Our community is home to a number of bike clubs, teams, and special interest groups such as bicycle-oriented educational and charitable organizations. A number of local bicycle shops also host regular rides and fun events. Riders, ride leaders and organizers: please see the section below for links to guidelines you may find useful.
The committee that coordinates Kalamazoo Bike Week is in a class by itself. Since 2012, Bike Week has been an annual event held in the same week in May (starting the Saturday before Mothers Day and running through the following Saturday) that showcases many of the bicycle related activities and organizations that make our community so bicycle friendly. It falls within National Bike Month and roughly coincides with National Bike to Work Week. If you want to get involved either as an event organizer or volunteer, check out the Kalamazoo Bike Week web site or Contact us (BFK organizes and promotes Bike Week; individual event organizers put on their own events). This same committee has now expanded to include a fantastic Fall Bike Celebration, a weekend-long way to celebrate and support bicycling and a number of other worthy causes in the third weekend of September.
Some of these groups accept donations of bicycles, with the express purpose of seeing they serve a direct bike-related cause, such as helping someone get a bike who needs transportation to a job or to help the recipient learn bicycle repair skills. They are noted with an asterisk(*). Please let us know if you learn of others.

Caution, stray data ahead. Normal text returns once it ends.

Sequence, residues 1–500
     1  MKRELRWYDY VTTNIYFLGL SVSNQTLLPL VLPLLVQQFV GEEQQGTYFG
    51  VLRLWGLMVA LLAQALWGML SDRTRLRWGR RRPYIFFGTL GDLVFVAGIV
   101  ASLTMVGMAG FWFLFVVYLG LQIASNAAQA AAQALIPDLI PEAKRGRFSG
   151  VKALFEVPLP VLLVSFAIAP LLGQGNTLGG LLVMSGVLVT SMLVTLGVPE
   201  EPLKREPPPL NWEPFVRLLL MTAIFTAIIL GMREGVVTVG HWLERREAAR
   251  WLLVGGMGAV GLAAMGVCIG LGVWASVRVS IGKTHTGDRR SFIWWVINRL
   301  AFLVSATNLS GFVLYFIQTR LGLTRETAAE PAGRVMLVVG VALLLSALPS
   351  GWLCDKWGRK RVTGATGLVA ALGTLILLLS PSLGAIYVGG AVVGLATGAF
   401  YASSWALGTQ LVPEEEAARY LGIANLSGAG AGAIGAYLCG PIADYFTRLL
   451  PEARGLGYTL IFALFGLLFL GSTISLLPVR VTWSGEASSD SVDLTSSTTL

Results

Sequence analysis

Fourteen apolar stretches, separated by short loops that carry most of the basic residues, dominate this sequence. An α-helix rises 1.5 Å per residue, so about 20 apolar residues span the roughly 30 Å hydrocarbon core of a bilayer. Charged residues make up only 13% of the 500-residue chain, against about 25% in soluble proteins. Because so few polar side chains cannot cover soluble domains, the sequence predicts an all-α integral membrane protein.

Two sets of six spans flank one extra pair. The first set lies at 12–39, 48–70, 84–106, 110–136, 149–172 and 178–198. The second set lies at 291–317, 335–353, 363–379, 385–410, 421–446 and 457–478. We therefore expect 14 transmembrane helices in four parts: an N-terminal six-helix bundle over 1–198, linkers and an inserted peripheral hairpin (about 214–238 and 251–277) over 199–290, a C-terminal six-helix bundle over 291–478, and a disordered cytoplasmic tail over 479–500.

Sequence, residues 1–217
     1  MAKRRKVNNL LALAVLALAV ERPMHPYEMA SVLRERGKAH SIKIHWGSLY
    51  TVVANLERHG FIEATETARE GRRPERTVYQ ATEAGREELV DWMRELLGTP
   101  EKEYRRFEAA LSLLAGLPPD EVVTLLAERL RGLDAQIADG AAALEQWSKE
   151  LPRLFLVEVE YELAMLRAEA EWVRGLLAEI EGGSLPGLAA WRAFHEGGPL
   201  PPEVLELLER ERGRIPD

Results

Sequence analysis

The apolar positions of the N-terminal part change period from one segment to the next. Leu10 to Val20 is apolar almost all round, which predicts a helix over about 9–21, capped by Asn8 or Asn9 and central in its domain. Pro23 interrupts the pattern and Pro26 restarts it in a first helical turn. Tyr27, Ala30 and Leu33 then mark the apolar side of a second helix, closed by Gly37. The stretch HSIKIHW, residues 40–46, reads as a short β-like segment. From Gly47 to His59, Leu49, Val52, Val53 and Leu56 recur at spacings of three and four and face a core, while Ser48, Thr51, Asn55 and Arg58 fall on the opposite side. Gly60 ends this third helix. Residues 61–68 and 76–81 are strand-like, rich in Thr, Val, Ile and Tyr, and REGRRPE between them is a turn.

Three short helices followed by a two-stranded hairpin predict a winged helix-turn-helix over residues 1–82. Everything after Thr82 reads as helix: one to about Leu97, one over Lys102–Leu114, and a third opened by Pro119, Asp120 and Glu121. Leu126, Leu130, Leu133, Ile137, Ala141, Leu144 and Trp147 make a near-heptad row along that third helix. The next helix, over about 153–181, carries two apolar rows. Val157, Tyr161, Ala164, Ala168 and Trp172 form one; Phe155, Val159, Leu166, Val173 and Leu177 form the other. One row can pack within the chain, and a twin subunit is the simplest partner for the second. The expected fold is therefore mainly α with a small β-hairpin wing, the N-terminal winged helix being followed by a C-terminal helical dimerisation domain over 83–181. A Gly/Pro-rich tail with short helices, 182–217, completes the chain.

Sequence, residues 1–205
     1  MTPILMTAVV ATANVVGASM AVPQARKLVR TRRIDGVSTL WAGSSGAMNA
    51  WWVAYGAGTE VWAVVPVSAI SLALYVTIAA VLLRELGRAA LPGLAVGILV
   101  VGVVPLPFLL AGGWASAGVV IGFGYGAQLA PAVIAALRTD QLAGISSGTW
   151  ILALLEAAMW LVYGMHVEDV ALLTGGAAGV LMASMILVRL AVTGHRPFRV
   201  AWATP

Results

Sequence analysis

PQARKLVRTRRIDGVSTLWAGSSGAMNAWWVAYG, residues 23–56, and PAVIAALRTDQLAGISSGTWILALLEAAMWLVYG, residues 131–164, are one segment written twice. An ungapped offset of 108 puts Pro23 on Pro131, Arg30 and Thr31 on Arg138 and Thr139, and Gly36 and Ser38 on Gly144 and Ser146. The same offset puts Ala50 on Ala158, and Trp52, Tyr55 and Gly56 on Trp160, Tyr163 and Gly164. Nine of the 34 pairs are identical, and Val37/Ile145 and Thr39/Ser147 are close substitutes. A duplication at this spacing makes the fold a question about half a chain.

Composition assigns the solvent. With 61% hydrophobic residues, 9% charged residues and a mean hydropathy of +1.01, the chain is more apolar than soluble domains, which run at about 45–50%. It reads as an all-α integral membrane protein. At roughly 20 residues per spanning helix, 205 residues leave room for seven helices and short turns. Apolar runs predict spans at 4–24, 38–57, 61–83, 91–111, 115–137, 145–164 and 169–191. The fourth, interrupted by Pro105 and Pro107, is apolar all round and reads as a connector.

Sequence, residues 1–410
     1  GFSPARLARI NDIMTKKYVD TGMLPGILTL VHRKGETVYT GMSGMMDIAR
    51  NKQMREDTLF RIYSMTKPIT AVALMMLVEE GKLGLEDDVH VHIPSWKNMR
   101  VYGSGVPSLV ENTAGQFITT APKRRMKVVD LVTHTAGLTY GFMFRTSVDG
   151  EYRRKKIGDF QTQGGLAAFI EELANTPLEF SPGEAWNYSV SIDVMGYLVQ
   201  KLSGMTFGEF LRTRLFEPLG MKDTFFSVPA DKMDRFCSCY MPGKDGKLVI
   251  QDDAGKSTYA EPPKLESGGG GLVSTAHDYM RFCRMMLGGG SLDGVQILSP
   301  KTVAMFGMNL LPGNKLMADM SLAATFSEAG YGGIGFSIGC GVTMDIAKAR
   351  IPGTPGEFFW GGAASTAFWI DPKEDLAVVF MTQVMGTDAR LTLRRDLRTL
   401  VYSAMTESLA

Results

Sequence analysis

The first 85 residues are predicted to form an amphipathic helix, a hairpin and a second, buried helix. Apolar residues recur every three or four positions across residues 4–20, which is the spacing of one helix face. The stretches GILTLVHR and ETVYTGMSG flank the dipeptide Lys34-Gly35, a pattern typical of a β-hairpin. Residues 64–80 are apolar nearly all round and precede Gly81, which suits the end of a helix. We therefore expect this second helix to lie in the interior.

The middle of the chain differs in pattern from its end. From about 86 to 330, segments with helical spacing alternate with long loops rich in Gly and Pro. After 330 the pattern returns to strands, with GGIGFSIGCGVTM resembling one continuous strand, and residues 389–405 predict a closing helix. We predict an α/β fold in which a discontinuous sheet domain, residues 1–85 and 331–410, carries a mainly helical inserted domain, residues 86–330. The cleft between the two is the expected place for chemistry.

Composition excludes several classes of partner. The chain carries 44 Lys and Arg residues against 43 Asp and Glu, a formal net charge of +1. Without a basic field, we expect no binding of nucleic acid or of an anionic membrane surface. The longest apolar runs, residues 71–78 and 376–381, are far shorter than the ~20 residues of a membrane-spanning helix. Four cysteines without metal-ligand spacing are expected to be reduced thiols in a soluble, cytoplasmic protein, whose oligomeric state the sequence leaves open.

National bicycling organizations and organizations with a non-motorized (bicyclists, mobility challenged and pedestrian) focus or that relate in some way to bicycle tourism are listed under our Resources > Organizations page.
Southwest Michigan Mountain Biking Association
Southwest Michigan ThunderCats
Charitable and Service
Friends of the Kalamazoo River Valley Trailway
Parks Foundation of Kalamazoo County
Silent Observer of Kalamazoo County, Inc. (Hotline for Tips: 343-2100)
Ride & Bike Interest Groups
These are groups we’ve seen or been told are in the area; they may or may not have their own web site. Some less formal ride groups have “hidden” FaceBook pages or are known only to the circle of friends they ride with; since they are not actively seeking “members” they are not listed here. Please let us know if you hear of others that are are in an “outreach” mode. Please use BFK’s Contact page to let us know about their web site, or, to ask us to forward your interest to someone we may know is associated with the group.
Monday Morning Cruisers (Organized by Kalamazoo County Parks; may be the same as the KRVT Bicycle Club)
PSC Bikers Club (Formerly known as the “Portage Pedalers.” Contact the Portage Senior Center for details and ride schedule.)
TOAD Bicycle Cooperative (May or may not be operating now)
Tips for Riding in Larger Groups
Most bicyclists have enjoyed the pleasures of riding with friends, often from an early age. From the point of view of safety and courtesy, once the size of a group becomes larger, it becomes more and more important that riders learn and follow group riding skills and etiquette. Wanting to help others share the road safely with motorists and non-motorists alike, the following authors and more experienced groups have published tips for how bicyclists should ride when in larger groups. You will find these tips for riding in larger groups in this section. Basic skills are covered in the Education & Safety tab.